The lure of NSAIDs (non-steroidal-anti-inflammatory drugs) like ibuprofen is their easy availability, low cost, and ability to alleviate symptoms. But like all drugs they come with side effects and toxicities, which means that their role in combating CLL is necessarily limited.
When I read about ibuprofen controlling the nodes, I decided to give it a try. I didn't need a lot of convincing, as I had always rather enjoyed the effects of ibuprofen on those rare occasions when I took it for a headache or muscle pain. It would leave me with a pleasant feeling, not exactly tranquilized, but just that more at peace with the world.
I found that it worked on the nodes to a small and very temporary degree, just enough that I began to take it when my ever-growing nodes got painful. Even then, I never went up to the line and used it as much as I could. I am rather conservative about drug use. The most I did was take it once or twice a day for two or three days.
Later, by the way, when I used steroids, the nodes reduced dramatically, so there really is no contest when it comes to NSAIDs vs. SAIDs. But steroids are much worse in terms of side effects; being conservative about drugs, I used single-agent Rituxan for as long as I could before circumstances, in the form of my AIHA diagnosis last March, forced me to throw steroids into the mix. AIHA, of course, is short for autoimmune hemolytic anemia, about which I have written a great deal, and which I would not wish on my worst enemy.
After I came down with AIHA, I stumbled across an interesting bit of information in the Merck Manual online. Ibuprofen was listed in a table as one of several drugs "that can cause warm antibody [autoimmune] hemolytic anemia."
It was hard to find any more information on the subject, but I immediately quit using it, even on the rarest of occasions. I am convinced, based on my reading and the conventional wisdom of doctors, that my AIHA came about as a result of the CLL having gotten out of control and gumming up the immunity works. But the thought that ibuprofen might have had even a tiny role in helping me reach the tipping point into hemolysis -- the vicious cycle in which the body destroys its own red blood cells -- was enough to make me quit using it.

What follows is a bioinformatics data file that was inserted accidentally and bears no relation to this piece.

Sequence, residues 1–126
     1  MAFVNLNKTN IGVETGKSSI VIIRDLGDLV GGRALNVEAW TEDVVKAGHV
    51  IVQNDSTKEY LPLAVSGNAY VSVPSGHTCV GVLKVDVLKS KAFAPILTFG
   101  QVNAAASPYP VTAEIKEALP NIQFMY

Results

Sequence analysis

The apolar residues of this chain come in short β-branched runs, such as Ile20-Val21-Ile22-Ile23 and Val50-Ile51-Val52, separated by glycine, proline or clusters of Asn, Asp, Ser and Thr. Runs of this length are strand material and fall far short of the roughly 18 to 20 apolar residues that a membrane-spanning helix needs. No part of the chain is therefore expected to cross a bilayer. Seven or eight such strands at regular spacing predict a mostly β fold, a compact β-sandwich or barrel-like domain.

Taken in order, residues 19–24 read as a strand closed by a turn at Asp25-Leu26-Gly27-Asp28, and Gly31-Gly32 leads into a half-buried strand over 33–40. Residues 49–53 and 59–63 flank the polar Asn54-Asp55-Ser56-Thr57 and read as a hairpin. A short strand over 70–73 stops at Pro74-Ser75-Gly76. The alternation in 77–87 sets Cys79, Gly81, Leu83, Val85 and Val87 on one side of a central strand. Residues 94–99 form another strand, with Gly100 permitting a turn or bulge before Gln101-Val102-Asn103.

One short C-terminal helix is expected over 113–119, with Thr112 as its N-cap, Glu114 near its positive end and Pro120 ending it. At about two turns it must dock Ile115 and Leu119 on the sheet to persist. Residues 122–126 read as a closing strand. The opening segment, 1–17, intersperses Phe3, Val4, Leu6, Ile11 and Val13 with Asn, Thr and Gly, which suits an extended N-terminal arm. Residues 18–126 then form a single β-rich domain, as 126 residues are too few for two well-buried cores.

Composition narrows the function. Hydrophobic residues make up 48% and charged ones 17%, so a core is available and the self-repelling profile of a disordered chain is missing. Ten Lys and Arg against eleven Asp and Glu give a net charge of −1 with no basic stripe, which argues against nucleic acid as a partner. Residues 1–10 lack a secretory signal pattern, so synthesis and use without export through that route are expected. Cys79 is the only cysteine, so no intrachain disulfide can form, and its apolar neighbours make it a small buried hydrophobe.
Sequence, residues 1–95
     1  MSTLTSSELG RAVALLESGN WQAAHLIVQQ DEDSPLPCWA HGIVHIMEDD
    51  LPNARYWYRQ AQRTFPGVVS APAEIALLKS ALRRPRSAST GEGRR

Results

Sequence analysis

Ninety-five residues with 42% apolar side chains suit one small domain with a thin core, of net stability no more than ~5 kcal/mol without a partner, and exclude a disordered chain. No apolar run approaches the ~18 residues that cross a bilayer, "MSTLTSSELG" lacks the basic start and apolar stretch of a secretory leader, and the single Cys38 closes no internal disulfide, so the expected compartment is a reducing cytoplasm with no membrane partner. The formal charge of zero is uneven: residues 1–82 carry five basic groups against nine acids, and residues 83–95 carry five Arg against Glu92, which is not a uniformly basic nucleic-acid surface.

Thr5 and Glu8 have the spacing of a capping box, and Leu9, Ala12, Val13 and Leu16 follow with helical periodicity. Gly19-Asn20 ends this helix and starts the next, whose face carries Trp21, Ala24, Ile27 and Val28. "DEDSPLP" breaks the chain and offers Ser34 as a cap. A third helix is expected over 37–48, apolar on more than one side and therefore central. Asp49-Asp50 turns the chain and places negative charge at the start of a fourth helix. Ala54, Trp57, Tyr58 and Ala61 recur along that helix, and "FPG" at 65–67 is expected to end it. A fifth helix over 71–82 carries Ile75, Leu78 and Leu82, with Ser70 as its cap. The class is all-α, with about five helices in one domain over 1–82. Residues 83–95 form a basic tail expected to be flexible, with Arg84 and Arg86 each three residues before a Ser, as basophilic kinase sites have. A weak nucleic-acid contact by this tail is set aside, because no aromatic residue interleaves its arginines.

Some time later, after my R-C(V)P therapy at the end of last year, I wrote to Dr. Clive Zent of the Mayo Clinic. Dr. Zent is a CLL and autoimmune disease expert who has generously allowed me to share his thoughts with you. I asked, quite simply, whether it w as safe to use ibuprofen, or whether it could contribute to a possible relapse of AIHA. Here's his reply:
Ibuprofen -- this is certainly a drug that has been associated with autoimmune complications including AIHA. It (and all the other drugs in its class -- NSAID) have many other potential toxicities which are generally rare. We rarely determine the triggers (if any) of AIHA in an individual. This is all a prelude to saying that unless ibuprofen was the cause of your AIHA, I don't believe that you are at high risk of causing a relapse of your AIHA if you use the drug, but it (and all other drugs) should be used only when indicated. If acetaminophen is effective for your pain, it could be a safer option.The bottom line is "better safe than sorry." How to handle CLL and its myriad effects is something that keeps even the experts guessing. Those of you out there who are Coombs positive, or have been diagnosed with AIHA, and who are also scarfing down the ibuprofen, may want to think twice about it.